Wednesday, December 18, 2013

Marmoset 2 Material studies

Hey guys, was doing some quick materials studies on an umbrella to test out some of the features of marmoset 2.  Mostly if they have the same limitations with depth of field and translucency. Unfortunately they do, but outside of that the program is very very strong and much better to use than before. Here are some screens:

Tuesday, December 17, 2013

My thoughts on first glance at Substance

Hey Guys,

So a few days ago I met up with the guys from Allegorithmic on my to look at adopting some of their pipeline for my own art. I ended up getting a complete walk through of Substance Designer 4 and the Substance Painter Alpha version by some of their tech guys and figured I would share some of my own thoughts.

The substance designer is a neat piece of kit. The idea is you make core materials (from cool noise generators or textures), then plug in a mesh, and a normal map (and maybe extras like a height map or world space normals, ao, cavity, etc) and use a node based system to get your final textures (it can figure out spec, gloss, diffuse all together). The neat part is that you can swap meshes and textures and get the same quality and material definition on a bunch of different assets using similar techniques (like making 150 guns really quickly). Non destructive workflow seemed to be pushed hard as well. If your AD needs one of the metals recalculated to have higher spec, you can batch export the materials all at once. It is also ready for version control software like perforce. The whole thing is built ready for physically based rendering, and supports custom shaders  (glsl) and channels.

The painter (which flaunts the new and fancy particle painting system seen here ) was also very cool. On the surface it features all the basics you would expect from a painting program, but with 3d painting on the forefront. You can paint layers, etc etc, and even paint in different channels based on materials (like painting gold material on a part of a model which automatically paints in the right gloss, spec, diffuse, etc). You can set up custom channels and pull materials right out of substance. One really neat thing is that nothing is ever rasterized. If your AD needs to change a material that you painted before layering up damage, overlays, etc you can update your model and not lose any work.  Finally the particle painting was neat, especially for explicit textures. Setup and adjustments of your own seemed very similar to basic scripting that sets up custom parameters for the artist to tweak.

Anyway, it was a cool meeting and I plan to check out the personal version myself. Here are some final thoughts/TLDR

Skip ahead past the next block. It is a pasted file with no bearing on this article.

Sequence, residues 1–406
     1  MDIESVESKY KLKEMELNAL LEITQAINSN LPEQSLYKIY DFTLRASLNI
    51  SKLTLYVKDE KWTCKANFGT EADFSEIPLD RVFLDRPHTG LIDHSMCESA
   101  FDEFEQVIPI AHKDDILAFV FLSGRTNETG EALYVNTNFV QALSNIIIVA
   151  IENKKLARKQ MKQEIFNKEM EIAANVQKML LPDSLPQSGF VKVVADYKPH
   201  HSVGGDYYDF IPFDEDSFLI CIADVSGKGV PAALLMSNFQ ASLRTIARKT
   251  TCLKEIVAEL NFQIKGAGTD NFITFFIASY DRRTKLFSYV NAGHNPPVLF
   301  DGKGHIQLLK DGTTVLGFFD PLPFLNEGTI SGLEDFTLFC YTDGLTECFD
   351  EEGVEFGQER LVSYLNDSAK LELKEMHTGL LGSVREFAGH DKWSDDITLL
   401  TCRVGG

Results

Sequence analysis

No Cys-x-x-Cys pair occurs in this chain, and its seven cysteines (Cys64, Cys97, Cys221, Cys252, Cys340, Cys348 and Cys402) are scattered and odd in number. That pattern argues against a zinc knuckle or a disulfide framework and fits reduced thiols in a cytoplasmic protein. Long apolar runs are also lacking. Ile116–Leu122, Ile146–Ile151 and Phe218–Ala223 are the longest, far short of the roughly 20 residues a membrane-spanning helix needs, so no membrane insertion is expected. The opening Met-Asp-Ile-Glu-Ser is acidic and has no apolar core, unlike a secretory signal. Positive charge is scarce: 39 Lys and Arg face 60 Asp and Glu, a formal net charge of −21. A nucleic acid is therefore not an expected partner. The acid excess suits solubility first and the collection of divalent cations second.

-Targeted at AAA pipeline integration, used already in quite a few places

-Substance makes making lots of the same final textures easier by automating the material masking
-Priority of benefits is Productivity>Overall texture size(not run time) > actual runtime benefits (there are not many)
-the painter is looking to be a strong 3d painting contender
-particle painting is useful for explicit details

Some final thoughts:

For me personally, I think that if I were to tackle a large project or environment on my own (with some ready defined materials, it would be great. The painter I cannot wait for but I have yet to work with Mari much so I cannot say how it competes. 
It will however stay in the back of my mind for later :)

Monday, December 9, 2013

Ways to make a tree

This weekend I spent my time trying to settle on the right approach to making the trunk. My options in my head, and conclusions were this (keep in mind this is for a base mesh, not something to bake a normal from):

Speedtree -> don't own, cant export from demo version, UDK only viable for now, that one is out

Hand model -> viable, but slow, unwrapped can suck

Zbrush -> doable, but fine branch work gets tricky and slow

Paint effects -> control is limited, but has good UV options

I spent my weekend trying out each option and decided to get a test mesh in from both zbrush, and from paint effects. The zbrush one turned out alright, but was not worth it's time at all for the final shape (something I could have hand modeled in no time flat).

Something of interest to note was that decimating a sculpt to put my texture on, did let me fiddle around with what differences geo levels made. I tried 2 meshes, one at 1k tris and another at 4k and noticed that because I was rendering with tessellation, the levels made no difference. For my paint effects attempt, I kept things super low (especially on the smaller branches) to see what kind results super low poly work would bring in.